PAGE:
Climate-ABC: Climacteric Fruits

Fruits that continue to ripen after harvesting are called climacteric fruits. A distinction is made between ripeness for picking and ripeness for consumption.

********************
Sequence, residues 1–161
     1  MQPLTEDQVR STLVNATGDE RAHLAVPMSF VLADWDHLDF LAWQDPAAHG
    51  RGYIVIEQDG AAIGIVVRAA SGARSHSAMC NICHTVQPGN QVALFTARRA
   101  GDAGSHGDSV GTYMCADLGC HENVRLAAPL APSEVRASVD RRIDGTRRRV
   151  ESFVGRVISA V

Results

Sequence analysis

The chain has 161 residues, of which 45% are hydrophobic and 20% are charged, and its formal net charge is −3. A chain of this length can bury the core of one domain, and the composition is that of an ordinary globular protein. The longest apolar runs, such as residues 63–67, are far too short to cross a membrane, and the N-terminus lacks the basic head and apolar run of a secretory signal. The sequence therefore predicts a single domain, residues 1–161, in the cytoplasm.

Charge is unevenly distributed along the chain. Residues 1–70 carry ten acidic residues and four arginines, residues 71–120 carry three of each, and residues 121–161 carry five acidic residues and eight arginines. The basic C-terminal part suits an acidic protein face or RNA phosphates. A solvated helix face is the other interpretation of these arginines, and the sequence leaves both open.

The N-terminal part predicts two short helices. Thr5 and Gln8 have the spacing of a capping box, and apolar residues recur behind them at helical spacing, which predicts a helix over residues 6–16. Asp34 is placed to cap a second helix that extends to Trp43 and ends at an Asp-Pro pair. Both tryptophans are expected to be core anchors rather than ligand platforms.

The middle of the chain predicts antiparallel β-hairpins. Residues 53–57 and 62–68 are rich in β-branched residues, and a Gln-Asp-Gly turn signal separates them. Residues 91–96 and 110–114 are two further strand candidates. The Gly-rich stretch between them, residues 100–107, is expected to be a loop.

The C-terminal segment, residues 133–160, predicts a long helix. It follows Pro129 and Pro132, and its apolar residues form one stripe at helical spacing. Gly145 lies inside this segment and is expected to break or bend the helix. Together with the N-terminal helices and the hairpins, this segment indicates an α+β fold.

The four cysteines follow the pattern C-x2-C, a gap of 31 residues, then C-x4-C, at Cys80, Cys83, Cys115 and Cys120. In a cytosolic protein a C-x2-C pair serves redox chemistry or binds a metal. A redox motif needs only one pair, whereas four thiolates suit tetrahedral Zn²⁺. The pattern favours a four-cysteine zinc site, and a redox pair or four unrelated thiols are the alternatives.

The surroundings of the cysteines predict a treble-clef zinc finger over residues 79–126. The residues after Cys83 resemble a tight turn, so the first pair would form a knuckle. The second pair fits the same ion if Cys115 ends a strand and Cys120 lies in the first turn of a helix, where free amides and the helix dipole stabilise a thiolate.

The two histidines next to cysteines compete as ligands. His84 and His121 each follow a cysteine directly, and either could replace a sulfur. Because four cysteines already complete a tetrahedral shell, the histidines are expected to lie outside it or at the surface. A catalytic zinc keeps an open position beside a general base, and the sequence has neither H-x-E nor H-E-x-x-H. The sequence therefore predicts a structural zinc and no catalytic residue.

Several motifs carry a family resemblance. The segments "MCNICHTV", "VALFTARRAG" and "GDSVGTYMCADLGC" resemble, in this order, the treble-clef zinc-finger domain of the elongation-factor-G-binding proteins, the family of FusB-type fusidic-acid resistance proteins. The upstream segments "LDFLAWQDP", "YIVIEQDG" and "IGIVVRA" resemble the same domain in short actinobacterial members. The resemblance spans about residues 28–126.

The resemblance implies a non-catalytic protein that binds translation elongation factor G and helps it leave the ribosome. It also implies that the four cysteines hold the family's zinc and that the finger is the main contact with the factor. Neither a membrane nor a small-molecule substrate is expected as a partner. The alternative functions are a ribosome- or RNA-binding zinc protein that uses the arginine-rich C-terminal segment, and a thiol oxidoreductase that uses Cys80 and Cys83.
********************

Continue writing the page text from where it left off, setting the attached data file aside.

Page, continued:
Whether a fruit is able to ripen depends on the time of harvest and on the respiration behavior of the certain fruit, which means the carbon dioxide (CO2) emission. If the minimum ripeness of the fruit is reached and the CO2 emission increases afterwards, the fruit continues to ripen even after harvesting. This stage is called the climacteric. The duration from picking ripeness to ripeness for consumption varies and can be influenced by external conditions such as light, temperature and storage. Bananas, for example, belong to the group of climacteric fruits: It is therefore possible to offer a South American banana in the German supermarket with pinpoint accuracy and even still unripe (for consumption). If climacteric fruits such as apples and bananas are stored next to each other, the ripening process is clearly stimulated by both. Non-climacteric fruits, on the other hand, will never ripen, but remain in the same state of ripeness until they spoil.